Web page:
A few weeks ago Sr. Augusta of the Nashville Dominicans gave a 2 hour talk on How to Pray as a Family. She referenced a study (sadly I missed the name) which had investigated what influences children to continue to practice their faith as adults. She told us these 5:

# 15 Religious Education  Don’t think that because it is at 15, religious formation is unimportant. Kids need clear education in their faith. If they don’t have a good yardstick, they will have nothing to measure the lies of the world against.

#4 Praying as a family  I have mentioned my family’s daily prayers. The Nashville Dominican’s have a lovely book A Short Guide to Praying as a Family to guide us to a better and fuller prayer life. I learned some new ideas, like a family meeting where you ask each other for forgiveness (!), and Bill is also excited to try some of the suggestions in the book.

#3 Relationship with Dad  This can such a challenge, especially for military families, but Sr. Augusta had suggestions from a family counselor they work closely with. Before he sees a family for the first time, he has them do these three things. Often, after implementing them, they never need counseling.

  1. When you come home, leave technology at the door. While you are home with your kids, be with them or available to them.
  2. Only turn on the TV if the whole family is watching. This can be an opportunity to rethink whether what you watch is appropriate even for you.
  3. Eat dinner as a family. A quick google will reveal the many benefits to family dinner.

#1 Relationship with Mom This one was a surprise to me. I thought Dad would win for sure. In fact, as my son has been applying to seminary, I have been very comforted that his vocation is a call from God and has nothing to do with me. “Nothing” might be a little too hands-off because Sister’s words echoed the words of the letter above, which was written to a mother of a dear priest friend of ours and given to me as a gift.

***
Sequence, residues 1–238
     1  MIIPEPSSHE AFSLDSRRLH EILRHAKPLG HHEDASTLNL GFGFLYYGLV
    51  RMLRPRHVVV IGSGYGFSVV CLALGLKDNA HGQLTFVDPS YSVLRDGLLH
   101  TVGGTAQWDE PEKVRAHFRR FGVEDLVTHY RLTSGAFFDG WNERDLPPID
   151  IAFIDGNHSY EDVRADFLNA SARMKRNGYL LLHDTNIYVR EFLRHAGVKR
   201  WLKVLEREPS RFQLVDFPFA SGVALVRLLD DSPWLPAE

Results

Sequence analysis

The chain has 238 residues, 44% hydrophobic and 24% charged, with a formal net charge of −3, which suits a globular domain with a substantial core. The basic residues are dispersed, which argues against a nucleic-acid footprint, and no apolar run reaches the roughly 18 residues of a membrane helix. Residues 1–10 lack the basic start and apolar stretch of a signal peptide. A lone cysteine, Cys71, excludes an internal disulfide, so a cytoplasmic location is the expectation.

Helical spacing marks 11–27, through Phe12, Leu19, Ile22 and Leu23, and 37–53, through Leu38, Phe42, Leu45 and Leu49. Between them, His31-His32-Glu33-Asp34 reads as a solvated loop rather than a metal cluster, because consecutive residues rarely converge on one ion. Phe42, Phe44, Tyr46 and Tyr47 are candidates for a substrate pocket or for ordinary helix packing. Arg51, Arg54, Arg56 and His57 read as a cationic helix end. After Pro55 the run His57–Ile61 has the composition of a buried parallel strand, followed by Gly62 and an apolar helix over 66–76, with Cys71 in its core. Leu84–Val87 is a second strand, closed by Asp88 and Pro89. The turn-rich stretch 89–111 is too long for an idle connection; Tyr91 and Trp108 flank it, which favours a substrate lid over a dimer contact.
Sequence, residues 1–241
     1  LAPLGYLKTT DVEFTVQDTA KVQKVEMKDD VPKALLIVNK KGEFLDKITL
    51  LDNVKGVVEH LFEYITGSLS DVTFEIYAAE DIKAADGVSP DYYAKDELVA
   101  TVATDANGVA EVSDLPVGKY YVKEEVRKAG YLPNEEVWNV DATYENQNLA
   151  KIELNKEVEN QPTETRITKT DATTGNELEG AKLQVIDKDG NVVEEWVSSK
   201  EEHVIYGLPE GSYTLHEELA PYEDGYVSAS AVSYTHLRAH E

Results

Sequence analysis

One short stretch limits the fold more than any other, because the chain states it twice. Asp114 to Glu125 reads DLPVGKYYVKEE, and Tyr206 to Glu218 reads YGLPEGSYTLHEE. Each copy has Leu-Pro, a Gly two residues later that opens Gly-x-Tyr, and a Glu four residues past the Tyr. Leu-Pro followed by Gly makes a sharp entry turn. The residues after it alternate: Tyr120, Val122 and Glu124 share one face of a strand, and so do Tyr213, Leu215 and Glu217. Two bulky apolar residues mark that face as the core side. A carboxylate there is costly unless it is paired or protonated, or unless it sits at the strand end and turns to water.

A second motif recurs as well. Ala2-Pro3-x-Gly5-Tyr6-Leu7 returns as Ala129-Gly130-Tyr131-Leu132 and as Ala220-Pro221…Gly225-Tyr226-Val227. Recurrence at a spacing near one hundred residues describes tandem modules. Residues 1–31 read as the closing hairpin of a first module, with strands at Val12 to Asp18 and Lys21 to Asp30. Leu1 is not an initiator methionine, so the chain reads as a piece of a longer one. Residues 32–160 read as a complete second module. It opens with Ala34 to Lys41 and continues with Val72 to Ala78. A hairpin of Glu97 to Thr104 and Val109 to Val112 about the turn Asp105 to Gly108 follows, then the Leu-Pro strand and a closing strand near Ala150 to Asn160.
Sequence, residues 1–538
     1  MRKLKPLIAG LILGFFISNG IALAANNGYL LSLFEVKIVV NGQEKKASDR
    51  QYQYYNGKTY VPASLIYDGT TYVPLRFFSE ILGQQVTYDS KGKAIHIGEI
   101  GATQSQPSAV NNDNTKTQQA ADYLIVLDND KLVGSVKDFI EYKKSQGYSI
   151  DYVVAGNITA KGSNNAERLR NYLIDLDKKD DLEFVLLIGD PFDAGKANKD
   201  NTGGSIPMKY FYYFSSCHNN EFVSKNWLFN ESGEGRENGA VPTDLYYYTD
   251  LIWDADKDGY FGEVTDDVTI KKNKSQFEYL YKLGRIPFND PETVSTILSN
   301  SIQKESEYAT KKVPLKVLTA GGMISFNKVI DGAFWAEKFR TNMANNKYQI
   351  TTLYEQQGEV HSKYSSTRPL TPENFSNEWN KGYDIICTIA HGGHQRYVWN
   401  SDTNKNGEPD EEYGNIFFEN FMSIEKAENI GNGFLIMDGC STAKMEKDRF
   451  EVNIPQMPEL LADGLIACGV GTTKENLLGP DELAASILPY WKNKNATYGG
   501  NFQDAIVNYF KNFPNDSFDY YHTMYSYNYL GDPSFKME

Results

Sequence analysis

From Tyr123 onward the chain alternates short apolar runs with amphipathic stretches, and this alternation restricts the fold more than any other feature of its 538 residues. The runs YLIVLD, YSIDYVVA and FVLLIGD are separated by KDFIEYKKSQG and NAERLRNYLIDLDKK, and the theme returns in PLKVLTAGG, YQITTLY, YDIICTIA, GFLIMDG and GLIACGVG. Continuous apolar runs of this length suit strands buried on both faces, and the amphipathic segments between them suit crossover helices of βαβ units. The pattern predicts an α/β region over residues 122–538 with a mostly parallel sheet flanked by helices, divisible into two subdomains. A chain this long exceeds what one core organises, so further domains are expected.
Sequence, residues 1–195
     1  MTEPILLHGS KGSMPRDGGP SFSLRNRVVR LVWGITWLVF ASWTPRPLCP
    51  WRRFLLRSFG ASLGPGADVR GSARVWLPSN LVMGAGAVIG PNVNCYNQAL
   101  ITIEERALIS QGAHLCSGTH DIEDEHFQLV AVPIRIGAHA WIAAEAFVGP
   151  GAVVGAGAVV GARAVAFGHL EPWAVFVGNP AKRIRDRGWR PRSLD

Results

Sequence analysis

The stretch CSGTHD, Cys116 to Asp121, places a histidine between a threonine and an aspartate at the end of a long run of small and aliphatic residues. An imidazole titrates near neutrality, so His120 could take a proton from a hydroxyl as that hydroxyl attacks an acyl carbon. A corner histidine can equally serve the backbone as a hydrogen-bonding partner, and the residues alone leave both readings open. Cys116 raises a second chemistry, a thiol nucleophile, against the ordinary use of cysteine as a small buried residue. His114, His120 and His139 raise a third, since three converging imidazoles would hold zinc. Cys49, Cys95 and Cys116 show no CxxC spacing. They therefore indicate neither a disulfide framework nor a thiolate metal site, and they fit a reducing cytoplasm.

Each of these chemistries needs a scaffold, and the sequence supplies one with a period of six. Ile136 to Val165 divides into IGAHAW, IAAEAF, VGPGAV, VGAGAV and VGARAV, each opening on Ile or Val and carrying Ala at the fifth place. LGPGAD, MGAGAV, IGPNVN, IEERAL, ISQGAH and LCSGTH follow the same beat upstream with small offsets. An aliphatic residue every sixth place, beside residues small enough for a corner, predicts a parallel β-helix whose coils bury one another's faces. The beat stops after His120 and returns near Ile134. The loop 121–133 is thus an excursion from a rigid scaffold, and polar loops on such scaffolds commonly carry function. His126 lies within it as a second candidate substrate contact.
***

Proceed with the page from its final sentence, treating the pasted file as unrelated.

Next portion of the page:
Well, I have always been a firm believer that when a boy enters the Religious Life, it is primarily due to the fact that his Mother set the initial example that made his whole being work toward the glorious day of Ordination. I am certain that the credit lies with you, and I know that when the Bishop was anointing him, there was never a prouder moment in your life. You will look back upon your day of marriage as one of profound spiritual happiness – but to see a son become “Another Christ” is one of profound spiritual love and devotion. 

Of course our greatest desire is that our kids will continue to mature and grow in their faith as adults and be open to the call which God has for them. In addition to normal “what do you want to be when you grow up”  conversation, I talk to my kids about vocations to the religious life, which is pretty easy since both my brother and my uncle (pictured above) are priests. However, a vocations director told me that the number one reason a boy considers the priesthood is because a priest asks him to consider it. So here is my vocational secret for you….ask priests to ask your sons to be priests! Also, read and have the book To Save a Thousand Souls in your house (caveat: this has mature topics). And for your girls A Right to be Merry.

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